“Abbey, ek aur plate biryani la, na? Aur is baar pieces aur hone do”! (hey, bring me another plate of biryani and this time get more ‘pieces’ – – mutton chunks!), floats a voice in from the road, just outside my bedroom window.
I am supposed to be (supposed being the operative word here!) studying for my public exams. It is May in Hyderabad and everyone knows just how hot that can be – the thermometer climbs to over 43C on an everyday basis! Airconditioners are almost unknown except in the houses of the very, very rich (like the Birlas or Tatas!). Aircoolers are just appearing on the scene but not yet in our home. We make do with fans and when the power fails – as it does often, we have more baths and fan ourselves with the ‘vistaraaku’ – palm leaf fans which have existed in India from the days of the proto-Dravidian man, I think! Am sure if you stay quiet enough, you’ll catch an occasional simian ancestor of ours – fanning themselves with these!
The temperature has been hovering at 44C and studying in the daytime is impossible so I decide to sleep – waking up at eleven in the night to the realisation that the exam is barely hours away and I still have some eight chapters to get through – even if I leave out four in “choice”! This funda of choice – something every kid who’s been through the examination system in this country is very familiar with – actually is a great outfitter for life itself!
It works like this – we have, say, twenty chapters to study for the exam which is just hours away (if you are one of those nerds who starts preparing two months earlier, please go away! This is not meant for you – you are ill-prepared for life – our life at least!).
So, unlike today, where you have a zillion multiple-choice questions to get through, you had the either/or questions for some twenty marks each or you had the “answer any three of the following five questions” thingy. Now anyone who’s done class 2 level maths will figure out that if you have five chapters, you need study only three to max the exam (whatever your level of max-ing is, that is!), presuming that only one question will be asked from each of those chapters. Thus saving valuable time to cater to the really important things in life – of which there were two -listening to cricket commentaries and Binaca Geet Mala – on the radio!
The real trick here was to figure out, if you had twenty chapters and only six questions in the exam to answer, which to leave out in ‘choice’! It took real intelligence to do this! Hubby interjects here – objection he says! Everytime he left out stuff in ‘choice’, he says, eighty percent of the questions would be from the chapters he left out! Having had exactly the opposite experience, but feeling too sorry for him to let him down, I can only nod (the Hyderabadi shake of the head which to the rest of the world means ‘no’ but in our unique land, means ‘yes’ and ‘no’ or ‘whatever’ – all at the same time!) pityingly- he’s proving my point! And that, my dear, is how we figure out the really important things in life – by leaving out stuff in ‘choice’!
But I have digressed much from my original biryani story. There is a Youth Congress dharna going on and since our house is at the junction of three roads, they pitch their tent right outside our window. The dharna is in the form of a ‘hunger fast’! The ‘leader’, fashionably dressed in an embroidered yellow shirt, bell-bottomed jeans and a denim jacket (Youth Congress – he has to make a statement!), sits receiving his ‘chelas’ during the day, when he fasts and other chelas during the night – secretly feasting on mutton biryani – with many ‘pieces’! Of course, the dharna was a success!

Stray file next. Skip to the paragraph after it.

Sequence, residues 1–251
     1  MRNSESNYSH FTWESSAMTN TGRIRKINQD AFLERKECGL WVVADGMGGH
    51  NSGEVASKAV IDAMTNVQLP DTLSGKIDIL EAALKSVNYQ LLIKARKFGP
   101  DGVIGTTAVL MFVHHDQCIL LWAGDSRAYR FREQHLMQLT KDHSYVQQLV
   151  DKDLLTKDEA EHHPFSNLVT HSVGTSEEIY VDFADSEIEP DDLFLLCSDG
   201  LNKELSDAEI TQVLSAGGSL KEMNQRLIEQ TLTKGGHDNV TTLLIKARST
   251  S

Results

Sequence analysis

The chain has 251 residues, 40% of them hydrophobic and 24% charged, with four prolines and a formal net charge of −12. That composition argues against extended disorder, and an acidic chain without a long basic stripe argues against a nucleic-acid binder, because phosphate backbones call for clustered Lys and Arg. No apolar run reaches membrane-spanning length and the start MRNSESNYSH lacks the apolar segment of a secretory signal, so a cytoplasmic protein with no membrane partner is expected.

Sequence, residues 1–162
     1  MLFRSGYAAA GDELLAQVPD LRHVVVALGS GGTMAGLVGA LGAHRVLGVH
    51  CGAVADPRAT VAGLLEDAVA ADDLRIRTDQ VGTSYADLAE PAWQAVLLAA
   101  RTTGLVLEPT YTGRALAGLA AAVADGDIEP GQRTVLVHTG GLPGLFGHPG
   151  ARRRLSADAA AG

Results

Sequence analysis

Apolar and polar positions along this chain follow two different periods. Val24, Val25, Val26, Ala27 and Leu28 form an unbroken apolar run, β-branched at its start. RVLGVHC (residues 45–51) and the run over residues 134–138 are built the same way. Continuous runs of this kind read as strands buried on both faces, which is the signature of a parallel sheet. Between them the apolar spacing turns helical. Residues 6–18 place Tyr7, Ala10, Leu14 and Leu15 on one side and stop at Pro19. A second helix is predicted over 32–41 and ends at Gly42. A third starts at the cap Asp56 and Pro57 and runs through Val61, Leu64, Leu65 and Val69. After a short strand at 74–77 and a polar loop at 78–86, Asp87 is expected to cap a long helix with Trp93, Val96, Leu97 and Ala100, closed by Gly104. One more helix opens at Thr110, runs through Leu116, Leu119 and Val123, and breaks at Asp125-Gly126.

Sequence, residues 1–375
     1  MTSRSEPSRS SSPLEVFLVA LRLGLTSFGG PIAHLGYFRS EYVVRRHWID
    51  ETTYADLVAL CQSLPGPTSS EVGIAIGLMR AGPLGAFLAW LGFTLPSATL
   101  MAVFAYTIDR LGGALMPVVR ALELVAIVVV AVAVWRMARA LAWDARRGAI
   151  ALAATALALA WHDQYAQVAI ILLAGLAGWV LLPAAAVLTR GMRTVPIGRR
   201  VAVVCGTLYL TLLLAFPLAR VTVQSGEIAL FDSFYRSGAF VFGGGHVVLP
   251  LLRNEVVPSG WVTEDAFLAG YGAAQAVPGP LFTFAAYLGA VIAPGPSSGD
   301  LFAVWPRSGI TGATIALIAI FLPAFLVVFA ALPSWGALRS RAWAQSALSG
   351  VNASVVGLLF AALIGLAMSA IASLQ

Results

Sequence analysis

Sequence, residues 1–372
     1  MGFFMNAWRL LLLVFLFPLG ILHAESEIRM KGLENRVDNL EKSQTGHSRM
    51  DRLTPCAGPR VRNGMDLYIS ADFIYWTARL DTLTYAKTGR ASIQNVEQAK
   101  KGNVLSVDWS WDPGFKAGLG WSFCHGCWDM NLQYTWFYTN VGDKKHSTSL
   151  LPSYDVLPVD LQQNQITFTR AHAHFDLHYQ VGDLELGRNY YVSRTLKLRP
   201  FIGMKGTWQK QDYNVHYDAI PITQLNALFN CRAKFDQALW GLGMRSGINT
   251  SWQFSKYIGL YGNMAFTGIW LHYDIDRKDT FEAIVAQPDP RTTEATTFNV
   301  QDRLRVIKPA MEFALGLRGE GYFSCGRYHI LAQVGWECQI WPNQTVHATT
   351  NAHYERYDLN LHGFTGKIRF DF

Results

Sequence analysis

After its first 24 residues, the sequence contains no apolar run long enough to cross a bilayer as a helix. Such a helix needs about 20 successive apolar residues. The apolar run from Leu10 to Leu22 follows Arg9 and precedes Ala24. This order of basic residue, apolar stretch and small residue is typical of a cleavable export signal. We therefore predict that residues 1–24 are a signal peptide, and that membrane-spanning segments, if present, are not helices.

Did I mention earlier – hum aiseech hain! Aur aise hee khayenge bi! Tere ku kya hua?
(We are like this only.We will eat like this only. What’s it to you?!!)
We are unique…like this dish of ours…a one-pot wonder..
HYDERABADI QABOOLI BIRYANI:
- Basmati rice – worth buying the very best quality) – 2 cups, wash well and soak in 4 cups water for half an hour
- Bay leaves – 2
- Star anise – 2
- Chana dal – 3/4 cup – wash and soak for half an hour. Cook on a high flame till done but still separate (you should be able to squash it between your fingers). Strain and reserve the liquid.
- One large onion – finely sliced
- Ginger paste – 1 tbsp
- Garlic paste – 1 tbsp
- Green chilies – 2-3
- Red chili powder – 1/2 tsp
- Turmeric – 1 pinch – optional
- Caramelised onions – 3 tbsp
- Biryani masala – available everywhere! – 1 tsp
- Yogurt – 1 cup
- Oil and ghee mixture – 3 tbsp (half and half)
- Saffron – a few strands – soaked in 2 tbsp milk
- Chopped mint and coriander leaves – 1/2 cup each
Heat the oil-ghee in a saucepan. Add the onions and salt, fry till golden.
Add the ginger – garlic pastes and continue to saute till brown.
Add the tumeric, red chili powder, green chilies and chana dal. Mix well.
Add the beaten yogurt and continue to cook, stirring frequently till the yogurt is incorporated well and drying up.
Sprinkle the biryani masala and the herbs on top.
Cook the rice (preferably in a rice cooker or a large saucepan with a lid) with a couple of bay leaves and star anise till almost but not quite done. Strain. Put back in pan.
Drizzle the saffron milk on top. Spread the chana dal mixture on top of the rice.
Cook for about five minutes more till done.
Sprinkle the caramelised onions (and fried cashew nuts if you like) on top.
Serve with a raita.
n.b – you can replace the chana with boiled chickpeas.
(This is a layered biryani in the original but at 44 c? Seriously??!!)
I just went through the recipe and realsied I’ve left out the water we used for the dal – well, use it in something else!)